Workplace accidents are very common in all industries. The latest report, issued by the Bureau of Labor Statistics, shows that in 2015, there were around 2.9 million non-fatal workplace injuries in the private sector. More than 4.8% of these injuries can be classified as workplace illnesses, which usually means that they require the longer treatment and higher compensation. Such a high number of workplace accidents can be viewed as the result of employer’s failure to introduce the most basic OSHA rules and regulations. In this article, we’ll explain how companies, managers, and employees themselves can prevent workplace accidents and mitigate their consequences.
The Occupational Safety and Health Administration is the institution that sets and protects the workplace safety standards in the United States since 1970. It allows both employers and employees to receive information and training about the most common hazards in their industries. Employees can also request OSHA to inspect the workplace safety if they spot some irregularities.
The OSHA standards and the Occupational Health and Safety Act from 1970 require employers to provide the safe workplace environment and to regularly check and maintain the work equipment, company offices, and production plants. They are sometimes required to purchase a special safety equipment to protect their workers and to train them to avoid accidents and hazards.
What to do when an accident happens?
Unfortunately, workplace injuries are common, even in the companies that strictly follow the OSHA industry standards and other federal and state rules and regulations. That’s why many companies have detailed plans on how to react to specific accidents. These plans and procedures need to be read to the whole team, and when the accident happens, every employee should know their role. In this article, we’ll share the most common workplace accidents’ procedures that can be applied to all industries.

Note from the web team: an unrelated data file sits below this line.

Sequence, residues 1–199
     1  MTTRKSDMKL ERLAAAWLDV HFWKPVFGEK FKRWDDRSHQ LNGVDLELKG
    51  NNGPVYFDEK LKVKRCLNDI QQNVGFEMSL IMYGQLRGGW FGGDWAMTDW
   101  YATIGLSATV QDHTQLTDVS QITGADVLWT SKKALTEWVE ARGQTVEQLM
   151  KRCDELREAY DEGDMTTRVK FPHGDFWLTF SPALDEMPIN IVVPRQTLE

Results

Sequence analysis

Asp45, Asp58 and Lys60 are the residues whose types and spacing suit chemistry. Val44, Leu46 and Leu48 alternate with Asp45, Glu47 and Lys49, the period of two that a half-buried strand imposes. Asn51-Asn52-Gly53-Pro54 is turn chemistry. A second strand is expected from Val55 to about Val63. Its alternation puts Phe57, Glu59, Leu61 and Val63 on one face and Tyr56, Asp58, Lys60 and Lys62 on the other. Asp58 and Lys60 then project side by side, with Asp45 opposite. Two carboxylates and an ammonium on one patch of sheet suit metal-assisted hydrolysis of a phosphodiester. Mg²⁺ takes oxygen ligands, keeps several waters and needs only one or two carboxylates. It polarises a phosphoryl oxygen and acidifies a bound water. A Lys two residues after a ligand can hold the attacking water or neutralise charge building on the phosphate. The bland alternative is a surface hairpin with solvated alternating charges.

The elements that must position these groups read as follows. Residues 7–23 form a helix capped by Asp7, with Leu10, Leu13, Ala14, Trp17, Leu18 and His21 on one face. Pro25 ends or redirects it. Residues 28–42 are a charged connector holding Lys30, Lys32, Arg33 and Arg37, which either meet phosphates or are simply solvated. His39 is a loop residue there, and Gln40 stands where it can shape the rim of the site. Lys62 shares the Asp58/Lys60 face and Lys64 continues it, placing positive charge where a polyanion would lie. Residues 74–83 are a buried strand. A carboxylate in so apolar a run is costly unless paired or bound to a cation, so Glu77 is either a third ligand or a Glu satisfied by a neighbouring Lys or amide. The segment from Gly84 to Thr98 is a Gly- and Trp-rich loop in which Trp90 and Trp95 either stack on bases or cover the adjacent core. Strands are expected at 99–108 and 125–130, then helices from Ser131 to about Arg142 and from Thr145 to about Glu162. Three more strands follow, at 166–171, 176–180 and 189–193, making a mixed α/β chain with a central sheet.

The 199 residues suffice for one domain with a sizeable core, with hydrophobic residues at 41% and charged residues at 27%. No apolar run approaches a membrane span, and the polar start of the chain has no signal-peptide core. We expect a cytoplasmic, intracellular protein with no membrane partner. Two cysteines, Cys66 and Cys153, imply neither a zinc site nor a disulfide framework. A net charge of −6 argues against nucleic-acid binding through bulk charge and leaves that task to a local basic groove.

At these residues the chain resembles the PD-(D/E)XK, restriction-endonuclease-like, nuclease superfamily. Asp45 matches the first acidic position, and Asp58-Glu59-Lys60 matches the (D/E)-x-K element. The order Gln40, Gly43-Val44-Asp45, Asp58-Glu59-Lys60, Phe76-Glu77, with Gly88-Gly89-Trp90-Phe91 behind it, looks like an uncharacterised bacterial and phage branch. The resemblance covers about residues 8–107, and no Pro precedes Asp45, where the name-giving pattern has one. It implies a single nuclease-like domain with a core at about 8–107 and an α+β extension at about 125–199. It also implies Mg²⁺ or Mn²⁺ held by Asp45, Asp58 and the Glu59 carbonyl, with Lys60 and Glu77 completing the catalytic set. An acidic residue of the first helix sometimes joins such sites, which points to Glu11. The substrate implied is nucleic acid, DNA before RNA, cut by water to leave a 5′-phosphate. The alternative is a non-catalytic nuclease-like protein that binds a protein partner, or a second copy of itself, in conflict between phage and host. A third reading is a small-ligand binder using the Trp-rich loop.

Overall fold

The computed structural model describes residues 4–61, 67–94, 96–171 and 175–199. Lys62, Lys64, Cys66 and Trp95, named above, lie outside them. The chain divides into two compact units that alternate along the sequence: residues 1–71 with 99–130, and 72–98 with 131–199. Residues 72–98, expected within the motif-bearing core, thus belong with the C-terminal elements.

Step 1: Care for the injured employees first
Employees’ health and safety always come first. That’s why the whole team should immediately assist the injured employee and call 911 if necessary. In less urgent situations, employees can transport the injured colleagues to the medical care facility themselves. Depending on the injuries employees have sustained, they can contact the designated medical professional, provided by the employer or any other doctor in the nearest medical facility.
Step 2: Secure the accident scene
In some cases, the scene of the accident needs to be investigated by OSHA officials, Workers’ Compensation investigators, employees’ lawyer, police or the employers themselves. Employees should also limit the access to the accident scene in order to prevent secondary accidents from happening. By securing the scene and all equipment that was involved in the incident, employees are setting the stage for an honest and independent investigation that will uncover the accident causes and improve the overall workplace safety.
Step 3: Complete all necessary paperwork
A very through paperwork usually follows every workplace accident. The employer should contact the Workers’ Compensation Board and deliver the full accident paperwork in the next 24 hours. They also need to contact the OSHA and fill in the OSHA Form 300. All this is necessary so an injured employee can get the required medical treatment and the rightful financial compensation.
Step 4: Contacting a personal injury lawyer
Injured employees should also contact a personal injury lawyer after the accident. These lawyers can help them to overcome all compensation troubles and make the whole process much less stressful. In cases where employers’ weren’t paying the Workers’ Compensation insurance, personal injury attorneys will help employees to file a lawsuit and claim the compensation that will cover their medical treatment.
Step 5: Return to work
Return to work can be very stressful for the injured employee. That’s why employers need to establish a special Return-to-Work Program that will gradually adapt their daily obligations to the company’s schedule. Recovered employees need some time to get accustomed to the regular working conditions, and in the first few weeks (or even months) they should concentrate on easier and less-demanding tasks. They usually get transitional or modified jobs in the same department, but with much more flexible arrangements and work time.
When it comes to the workplace accidents, prevention is always the best cure. That is why employers should train employees to recognize dangerous situations and help their colleagues in need. By ignoring potential workplace hazards, employees are putting themselves and their coworkers in danger. They should raise the question of workplace safety whenever that’s necessary, and if the employer refuses to improve the work conditions, they should immediately contact the Occupational Safety and Health Administration.